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Army Reserve unit gets homecoming welcome

802nd Ordnance Co. returned from tour in Afghanistan last fall with no casualties

POSTED: March 5, 2011 6:59 p.m.
SCOTT ROGERS /The Times

Vietnam War veteran Willard Shewbert joins others Saturday clapping for the members of the 802nd Ordinance Co. as they enter Lakewood Baptist Church for a welcome home ceremony. The Gainesville-based Army Reserve unit returned from a tour of duty in Afghanistan in November.

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You could say it through a speech or a proclamation. You could say it through song.

However you say it, there's no wrong way to thank a soldier. Sometimes it's as easy as "thanks."

"I simply want to say to you, on behalf of the citizens of Georgia, thank you," Gov. Nathan Deal said Saturday to the U.S. Army Reserve 802nd Ordnance Co. during the unit's welcome home celebration.

The 802nd received a police escort to Lakewood Baptist Church on Thompson Bridge Road in Gainesville. The company filed into the interim worship center where hundreds of friends, family and distinguished guests stood to meet them.

"It is great to have you back in formation," Col. James C. Bagley, commander of the 207th Regional Support Group, said to the company dressed in uniform. "Y'all look great."

The 802nd includes 260 soldiers, half of whom were deployed in Afghanistan from December 2009 to November 2010 as part of Operation Enduring Freedom. Based in Gainesville, the company also includes troops from Fort Gillem in Forest Park and from Aiken, S.C.

The unit's commander, Capt. Todd Bostick, recalled how the company reacted when he received news that they would be deployed.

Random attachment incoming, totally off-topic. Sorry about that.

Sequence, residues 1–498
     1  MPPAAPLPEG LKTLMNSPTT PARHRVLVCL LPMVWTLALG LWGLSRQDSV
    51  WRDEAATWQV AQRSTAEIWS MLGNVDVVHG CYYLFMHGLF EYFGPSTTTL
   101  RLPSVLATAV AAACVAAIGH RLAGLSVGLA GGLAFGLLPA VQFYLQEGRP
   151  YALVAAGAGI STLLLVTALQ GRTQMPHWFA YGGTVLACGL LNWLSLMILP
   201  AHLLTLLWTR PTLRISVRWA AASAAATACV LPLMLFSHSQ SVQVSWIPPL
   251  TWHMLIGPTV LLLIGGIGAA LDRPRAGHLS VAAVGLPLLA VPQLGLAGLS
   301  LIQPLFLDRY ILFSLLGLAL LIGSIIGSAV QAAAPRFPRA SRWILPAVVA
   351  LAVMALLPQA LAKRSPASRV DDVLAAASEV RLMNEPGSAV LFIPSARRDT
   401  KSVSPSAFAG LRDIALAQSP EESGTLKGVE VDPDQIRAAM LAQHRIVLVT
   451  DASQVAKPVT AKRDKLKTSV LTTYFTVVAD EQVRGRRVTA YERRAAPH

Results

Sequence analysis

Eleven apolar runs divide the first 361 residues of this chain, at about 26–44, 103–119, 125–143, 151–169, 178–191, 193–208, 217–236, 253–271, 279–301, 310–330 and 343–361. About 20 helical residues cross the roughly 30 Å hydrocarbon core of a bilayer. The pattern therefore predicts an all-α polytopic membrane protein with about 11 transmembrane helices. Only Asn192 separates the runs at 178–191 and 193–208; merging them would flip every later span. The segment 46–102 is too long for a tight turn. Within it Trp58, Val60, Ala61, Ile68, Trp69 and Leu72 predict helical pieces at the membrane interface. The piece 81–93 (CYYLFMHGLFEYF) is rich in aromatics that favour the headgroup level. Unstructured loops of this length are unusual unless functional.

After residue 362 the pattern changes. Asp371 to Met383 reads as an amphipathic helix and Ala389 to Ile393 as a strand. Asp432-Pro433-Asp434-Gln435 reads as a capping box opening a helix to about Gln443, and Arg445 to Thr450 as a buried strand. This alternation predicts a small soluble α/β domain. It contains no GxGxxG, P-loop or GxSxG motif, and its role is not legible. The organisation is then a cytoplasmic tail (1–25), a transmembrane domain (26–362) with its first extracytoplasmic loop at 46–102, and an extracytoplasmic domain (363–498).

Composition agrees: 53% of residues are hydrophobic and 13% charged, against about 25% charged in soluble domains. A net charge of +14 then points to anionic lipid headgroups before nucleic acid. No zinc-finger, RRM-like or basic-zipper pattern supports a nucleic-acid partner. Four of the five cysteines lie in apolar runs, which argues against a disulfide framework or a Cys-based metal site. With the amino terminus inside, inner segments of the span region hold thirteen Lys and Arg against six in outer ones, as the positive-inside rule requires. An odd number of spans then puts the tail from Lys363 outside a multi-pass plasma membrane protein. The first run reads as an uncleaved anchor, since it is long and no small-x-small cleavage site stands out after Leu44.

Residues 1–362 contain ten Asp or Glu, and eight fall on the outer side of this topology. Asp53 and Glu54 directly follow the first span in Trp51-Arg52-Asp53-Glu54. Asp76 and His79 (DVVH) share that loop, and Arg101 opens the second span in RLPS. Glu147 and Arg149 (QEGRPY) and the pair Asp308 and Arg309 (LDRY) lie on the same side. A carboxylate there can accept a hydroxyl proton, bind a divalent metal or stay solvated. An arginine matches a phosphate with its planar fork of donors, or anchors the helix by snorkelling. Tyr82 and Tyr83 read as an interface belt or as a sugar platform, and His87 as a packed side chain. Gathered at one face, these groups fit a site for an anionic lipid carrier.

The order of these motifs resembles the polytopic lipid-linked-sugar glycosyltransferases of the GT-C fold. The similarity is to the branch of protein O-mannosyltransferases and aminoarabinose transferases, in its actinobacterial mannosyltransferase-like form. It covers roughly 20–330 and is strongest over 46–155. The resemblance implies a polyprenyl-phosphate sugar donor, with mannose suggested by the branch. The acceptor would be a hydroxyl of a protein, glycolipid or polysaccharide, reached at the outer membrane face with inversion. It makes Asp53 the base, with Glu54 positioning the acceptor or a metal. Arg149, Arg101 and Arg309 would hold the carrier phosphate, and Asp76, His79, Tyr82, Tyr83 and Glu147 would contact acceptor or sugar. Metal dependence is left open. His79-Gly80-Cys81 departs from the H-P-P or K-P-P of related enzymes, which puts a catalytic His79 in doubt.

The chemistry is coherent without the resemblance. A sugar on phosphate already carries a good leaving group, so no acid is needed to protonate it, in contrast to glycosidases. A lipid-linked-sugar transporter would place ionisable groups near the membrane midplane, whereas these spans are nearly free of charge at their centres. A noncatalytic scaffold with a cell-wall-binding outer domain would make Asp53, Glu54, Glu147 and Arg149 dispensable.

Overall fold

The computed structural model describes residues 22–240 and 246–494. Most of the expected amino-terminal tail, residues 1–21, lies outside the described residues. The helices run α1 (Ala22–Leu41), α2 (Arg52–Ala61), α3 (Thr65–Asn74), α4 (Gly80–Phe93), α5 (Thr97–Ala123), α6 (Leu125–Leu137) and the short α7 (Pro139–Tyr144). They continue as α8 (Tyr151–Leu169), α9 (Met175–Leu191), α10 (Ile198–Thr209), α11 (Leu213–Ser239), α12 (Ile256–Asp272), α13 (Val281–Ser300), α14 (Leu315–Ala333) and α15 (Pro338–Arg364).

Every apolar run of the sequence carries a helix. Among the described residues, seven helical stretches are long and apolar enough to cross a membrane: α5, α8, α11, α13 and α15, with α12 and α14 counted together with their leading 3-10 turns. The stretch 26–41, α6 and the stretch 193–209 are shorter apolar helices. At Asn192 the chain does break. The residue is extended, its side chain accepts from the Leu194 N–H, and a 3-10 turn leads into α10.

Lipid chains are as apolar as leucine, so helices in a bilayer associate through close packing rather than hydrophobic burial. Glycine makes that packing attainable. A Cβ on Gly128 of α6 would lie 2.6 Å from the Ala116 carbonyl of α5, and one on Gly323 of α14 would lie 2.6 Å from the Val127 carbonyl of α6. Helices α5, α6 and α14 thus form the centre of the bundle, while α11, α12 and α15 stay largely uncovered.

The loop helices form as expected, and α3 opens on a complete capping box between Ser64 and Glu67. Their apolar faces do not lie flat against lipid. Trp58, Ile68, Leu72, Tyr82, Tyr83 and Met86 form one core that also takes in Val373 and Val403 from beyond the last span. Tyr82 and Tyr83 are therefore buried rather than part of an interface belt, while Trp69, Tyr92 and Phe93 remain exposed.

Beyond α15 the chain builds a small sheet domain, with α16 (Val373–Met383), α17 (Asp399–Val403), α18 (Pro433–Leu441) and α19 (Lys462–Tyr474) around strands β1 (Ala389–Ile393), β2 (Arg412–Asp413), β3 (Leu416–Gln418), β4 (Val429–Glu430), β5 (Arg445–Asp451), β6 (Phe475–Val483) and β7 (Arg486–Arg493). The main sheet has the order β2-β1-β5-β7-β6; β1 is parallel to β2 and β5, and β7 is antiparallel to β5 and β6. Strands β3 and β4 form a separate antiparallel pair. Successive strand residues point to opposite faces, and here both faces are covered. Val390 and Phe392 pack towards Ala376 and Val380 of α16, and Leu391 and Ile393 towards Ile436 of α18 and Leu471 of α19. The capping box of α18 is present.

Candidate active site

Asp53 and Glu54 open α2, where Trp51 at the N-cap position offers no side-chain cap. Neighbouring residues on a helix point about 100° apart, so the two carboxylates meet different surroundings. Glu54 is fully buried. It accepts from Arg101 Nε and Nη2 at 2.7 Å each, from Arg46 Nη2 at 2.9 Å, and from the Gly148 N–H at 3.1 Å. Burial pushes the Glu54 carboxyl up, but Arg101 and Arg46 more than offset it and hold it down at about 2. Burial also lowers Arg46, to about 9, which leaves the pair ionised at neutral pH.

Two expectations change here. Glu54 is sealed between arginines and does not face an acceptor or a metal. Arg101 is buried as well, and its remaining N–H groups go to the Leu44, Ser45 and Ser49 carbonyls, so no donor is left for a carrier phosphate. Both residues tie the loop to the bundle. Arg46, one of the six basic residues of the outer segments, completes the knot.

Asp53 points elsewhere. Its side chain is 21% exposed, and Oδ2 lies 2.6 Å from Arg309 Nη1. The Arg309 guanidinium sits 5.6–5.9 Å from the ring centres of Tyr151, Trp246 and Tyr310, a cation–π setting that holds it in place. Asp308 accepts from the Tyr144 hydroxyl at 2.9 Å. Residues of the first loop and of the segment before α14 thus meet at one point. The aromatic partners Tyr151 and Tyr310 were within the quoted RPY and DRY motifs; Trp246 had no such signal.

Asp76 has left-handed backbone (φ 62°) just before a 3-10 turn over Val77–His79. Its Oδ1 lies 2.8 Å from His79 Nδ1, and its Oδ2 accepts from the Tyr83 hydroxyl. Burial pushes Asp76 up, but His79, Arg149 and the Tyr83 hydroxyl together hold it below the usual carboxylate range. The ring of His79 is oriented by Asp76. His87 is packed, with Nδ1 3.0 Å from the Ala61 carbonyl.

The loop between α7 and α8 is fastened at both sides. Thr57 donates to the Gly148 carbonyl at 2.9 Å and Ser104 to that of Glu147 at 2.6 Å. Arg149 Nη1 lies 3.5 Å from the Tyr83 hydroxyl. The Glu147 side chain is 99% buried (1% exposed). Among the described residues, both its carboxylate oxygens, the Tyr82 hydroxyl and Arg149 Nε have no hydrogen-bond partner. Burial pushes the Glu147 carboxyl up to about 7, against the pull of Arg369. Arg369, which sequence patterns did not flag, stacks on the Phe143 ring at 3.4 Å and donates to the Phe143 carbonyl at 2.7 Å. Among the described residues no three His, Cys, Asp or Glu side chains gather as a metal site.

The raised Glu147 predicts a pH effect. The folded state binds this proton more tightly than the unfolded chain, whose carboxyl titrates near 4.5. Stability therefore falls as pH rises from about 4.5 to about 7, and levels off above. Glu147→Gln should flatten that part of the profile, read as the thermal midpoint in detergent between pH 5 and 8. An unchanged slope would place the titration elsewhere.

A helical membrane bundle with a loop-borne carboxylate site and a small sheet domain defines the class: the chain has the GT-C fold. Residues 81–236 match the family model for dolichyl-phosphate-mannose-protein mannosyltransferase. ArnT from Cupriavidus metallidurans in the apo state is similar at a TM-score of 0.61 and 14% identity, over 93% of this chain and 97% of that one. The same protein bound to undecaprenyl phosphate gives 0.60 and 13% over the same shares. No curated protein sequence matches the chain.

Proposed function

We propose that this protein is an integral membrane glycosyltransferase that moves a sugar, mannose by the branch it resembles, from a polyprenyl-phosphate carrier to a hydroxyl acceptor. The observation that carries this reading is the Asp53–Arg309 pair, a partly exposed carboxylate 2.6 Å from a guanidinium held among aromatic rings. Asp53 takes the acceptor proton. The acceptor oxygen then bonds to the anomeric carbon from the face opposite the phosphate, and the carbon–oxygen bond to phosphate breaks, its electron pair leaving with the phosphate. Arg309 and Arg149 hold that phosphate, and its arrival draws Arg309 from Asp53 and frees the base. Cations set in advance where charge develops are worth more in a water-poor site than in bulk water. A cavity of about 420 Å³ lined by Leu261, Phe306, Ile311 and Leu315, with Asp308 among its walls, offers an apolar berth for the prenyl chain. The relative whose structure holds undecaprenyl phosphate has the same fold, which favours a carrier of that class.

"I didn't see fear, I didn't see concern. I saw raw steel," he said.

Though the troops were from three locations, Bostick said he quickly saw them unite. During their year in Afghanistan, the troops packaged, shipped and distributed 76,000 tons of ammunition worth more than a billion dollars.

"The 802nd Ordnance Company set the standard - and of them, you ought to be proud," Bostick said, and the worship center erupted with applause.

But that wasn't the 802nd's biggest accomplishment.

"Most importantly, they brought everyone home," said Col. James C. Bagley, commander of the 207th Regional Support Group.

Renee Wright's son was deployed in Afghanistan. She and her husband, her son's grandparents and friends attended the ceremony.

"It was just a wonderful tribute to them," the Newnan resident said. "The community up here has been very supportive. It was just a great way to welcome them back."

Spc. Ian Wright was grateful for the recognition and support.
"It's nice to know the community's got our back," he said.

Lt. Col. Jeffrey Sims encouraged the troops to look out for each other and, though they were no longer in a war zone, to remember their "battle buddy."

"The transition home isn't always easy," Sims said. "I want you to stay situationally aware of your battle buddies."

The program was organized and presented by Operation Patriot's Call, a military support group that assists families of soldiers.

"Never, ever will we let a soldier or his family go in need," Ron Kellner of Operation Patriot's Call said.
A commemorative challenge coin featuring the 802nd's insignia on one side and a map of Afghanistan overlaid with the American flag on the other will be given to the soldiers deployed.

Minister and Christian musician Joey Nicholson performed a song he composed titled, "I Say Thank You," in which he expressed his gratitude to the company for their service.
Gainesville Mayor Ruth Bruner presented a proclamation to the Bostick in honor of the 802nd.

"I, Ruth H. Bruner, do hereby proclaim the fifth day of March 2011, to be 802nd Ordnance Day," Bruner said.

For Bostick, the welcome-home ceremony was about the 802nd completing their objectives and bringing everyone home.

"It means a sigh of relief; it means victory over a job well done," he said.



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